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Most of us can remember at least one conversation with a chatbot that didn’t lead to any resolution due to the inability of the chatbot to take any action to resolve the query, or to even understand it altogether. This clearly beats the purpose of deploying chatbots to improve and speed up customer service. Thanks to Artificial Intelligence (AI) and cognitive learning, a new generation of chatbots can handle complex tasks and provide a personalised cognitive and conversational experience to customers.
Here we take a look at how a cognitive chatbot is different from its predecessor and discuss five factors that businesses need to look out for when deploying a next generation chatbot.
Not all chatbots are born equal
Chatbots for customer engagement come with the great promise of providing a 24/7 self-service solution to address a range of customer support requirements. Customer self-service has emerged as the channel of choice for customers seeking support, as simple queries can get answered in real time instead of waiting in a call queue. This is the ideal scenario that sounds appealing to customers and businesses alike.
In practice, however, customer conversations with chatbots often lead to bad customer experiences and even frustration as traditional chatbot solutions might not understand a customer query or recognise accents. This means that chatbot conversations can quickly escalate to human assistance, leading to disappointment and discouraging customers from wanting to engage with a chatbot.
This is because the intelligence of traditional chatbot solutions is limited by predefined paths and decision trees that are fundamentally complex and error-prone. This imperative programming approach forces chatbots to behave more like answering machines, requiring users to follow an unnatural, predefined path that can only manage certain commands, languages and tasks.
Cognitive chatbots are really ‘chatty’
While it is clear from the above that traditional chatbots don’t quite cut it when it comes to customer engagement, the solution is a cognitive and AI-powered chatbot that can be deployed to any channel - website, social or mobile, covering all customer touch points. Technologies like machine learning enables this type of bots to become much more autonomous and transactional, as they are developed to learn from each conversation, meaning that the more they are used, the smarter they become.
Below we look at five factors that we need to consider when developing a chatbot strategy:
· The secret lies in programming:
Organisations need to be clear from the outset about what they want to get out of chatbot deployment. This will inform the programming approach of choice. An imperative approach will result in chatbots that only have limited intelligence and autonomy, and can only field requests pretty much like an answering machine. With a declarative programming approach, on the other hand, the developer can describe what information should be extracted from the conversation and lets a set of cognitive algorithms handle the conversation. The result is a transactional cognitive chatbot that can perform tasks and resolve queries.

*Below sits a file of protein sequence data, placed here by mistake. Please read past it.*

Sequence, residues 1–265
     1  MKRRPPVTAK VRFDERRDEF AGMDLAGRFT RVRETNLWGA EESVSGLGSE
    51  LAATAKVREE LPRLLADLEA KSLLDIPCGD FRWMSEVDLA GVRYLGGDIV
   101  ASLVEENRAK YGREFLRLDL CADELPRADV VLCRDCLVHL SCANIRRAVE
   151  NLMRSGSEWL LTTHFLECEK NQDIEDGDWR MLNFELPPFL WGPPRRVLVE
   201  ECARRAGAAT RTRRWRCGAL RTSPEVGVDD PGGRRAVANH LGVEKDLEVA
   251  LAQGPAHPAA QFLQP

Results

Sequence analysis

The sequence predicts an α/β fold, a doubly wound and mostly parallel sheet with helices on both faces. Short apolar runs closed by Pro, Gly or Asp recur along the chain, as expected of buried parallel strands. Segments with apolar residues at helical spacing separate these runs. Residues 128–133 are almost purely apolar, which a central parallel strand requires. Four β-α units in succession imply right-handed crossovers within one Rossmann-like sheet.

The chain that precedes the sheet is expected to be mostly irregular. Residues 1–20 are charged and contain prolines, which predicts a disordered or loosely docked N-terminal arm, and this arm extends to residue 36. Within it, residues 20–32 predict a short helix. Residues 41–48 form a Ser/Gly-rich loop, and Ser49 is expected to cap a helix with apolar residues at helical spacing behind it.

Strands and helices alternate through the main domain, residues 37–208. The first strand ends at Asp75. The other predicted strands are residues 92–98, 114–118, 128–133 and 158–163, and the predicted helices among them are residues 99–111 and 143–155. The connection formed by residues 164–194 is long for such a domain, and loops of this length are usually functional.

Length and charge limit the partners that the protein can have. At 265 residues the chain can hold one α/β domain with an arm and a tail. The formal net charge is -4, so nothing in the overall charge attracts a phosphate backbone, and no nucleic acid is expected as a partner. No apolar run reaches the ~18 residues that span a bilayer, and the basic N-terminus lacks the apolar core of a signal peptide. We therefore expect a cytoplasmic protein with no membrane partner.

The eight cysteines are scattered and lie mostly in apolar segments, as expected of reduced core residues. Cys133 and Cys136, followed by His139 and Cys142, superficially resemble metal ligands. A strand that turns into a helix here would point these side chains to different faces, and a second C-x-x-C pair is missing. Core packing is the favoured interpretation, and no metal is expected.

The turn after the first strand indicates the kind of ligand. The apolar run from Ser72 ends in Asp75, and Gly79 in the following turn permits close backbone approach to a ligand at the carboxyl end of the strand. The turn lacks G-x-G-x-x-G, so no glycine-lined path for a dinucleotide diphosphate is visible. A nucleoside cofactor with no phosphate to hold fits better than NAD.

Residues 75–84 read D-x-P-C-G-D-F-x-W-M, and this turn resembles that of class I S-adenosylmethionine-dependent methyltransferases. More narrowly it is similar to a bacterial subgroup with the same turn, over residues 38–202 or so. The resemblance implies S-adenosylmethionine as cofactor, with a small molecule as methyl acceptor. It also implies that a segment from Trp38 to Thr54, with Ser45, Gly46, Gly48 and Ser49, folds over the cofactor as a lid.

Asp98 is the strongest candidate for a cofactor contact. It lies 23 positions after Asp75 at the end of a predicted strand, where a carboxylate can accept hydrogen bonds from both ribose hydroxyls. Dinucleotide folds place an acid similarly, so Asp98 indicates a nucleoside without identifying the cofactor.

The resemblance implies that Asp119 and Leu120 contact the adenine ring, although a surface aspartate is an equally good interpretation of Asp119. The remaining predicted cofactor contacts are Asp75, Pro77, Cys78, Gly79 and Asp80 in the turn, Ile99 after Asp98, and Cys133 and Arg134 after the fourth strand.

· Make conversation as human like as possible:
As humans we are used to interacting in a natural way in our language of choice. Anything different could alienate customers and damage customer experience. A conversational user interface (UI) allows chatbots to hold human like conversations that feel natural to customers. In addition, multilingual chatbots that are able to communicate in the customer’s preferred language can not only overcome linguistic and geographical constraints but also deliver a much more enjoyable user experience.
· Keep things simple and deploy fast:
A chatbot should not be built to do everything – that would be a lengthy and complicated solution that would most likely be below average at everything. A chatbot should support between 4 to 6 processes, which means a business might need to deploy more than one chatbot over time, depending on its customer use cases. A cognitive chatbot solution will take goals and examples from existing data systems and be deployed much faster than chatbots requiring hardcoding steps and responses.
· Integrate with backend system for a ‘smart’ chatbot:
Organisations hold a wealth of data on their customer base. By integrating the chatbot with backend systems, the chatbot can be equipped with the intelligence to prepopulate and understand customer information like the customer’s name, account number, prior inquiries and requests so the conversation does not have to start from scratch in every customer interaction. Integration with backend systems is complex which is why some chatbot implementations often avoid or limit the extent of it. However, severless backend-as-a-service platforms have simplified these processes and spared organisations the need to write server-side logic.
· Keep the chatbot up to date:
To deliver quality customer service, the chatbot needs to be consistently up to date with the latest product, service, or support-related questions, transactions and processes. Whilst this is difficult for traditional chatbots with predefined decision trees, cognitive bots can adapt and learn on their own without costly developer intervention. Cognitive chatbots support dynamic training on top of existing enterprise data resources, so the key is to ensure that your data is up-to-date.
The future of customer support is ‘smart’
Customer support drives brand reputation and loyalty and ultimately plays a key role in shaping a business’ bottom line. Deploying chatbot technology is a great step towards the right direction but not all solutions will deliver the same results. AI-driven chatbots are a quick and cost-effective solution that can improve customer engagement and bring innovation to the business’ front line.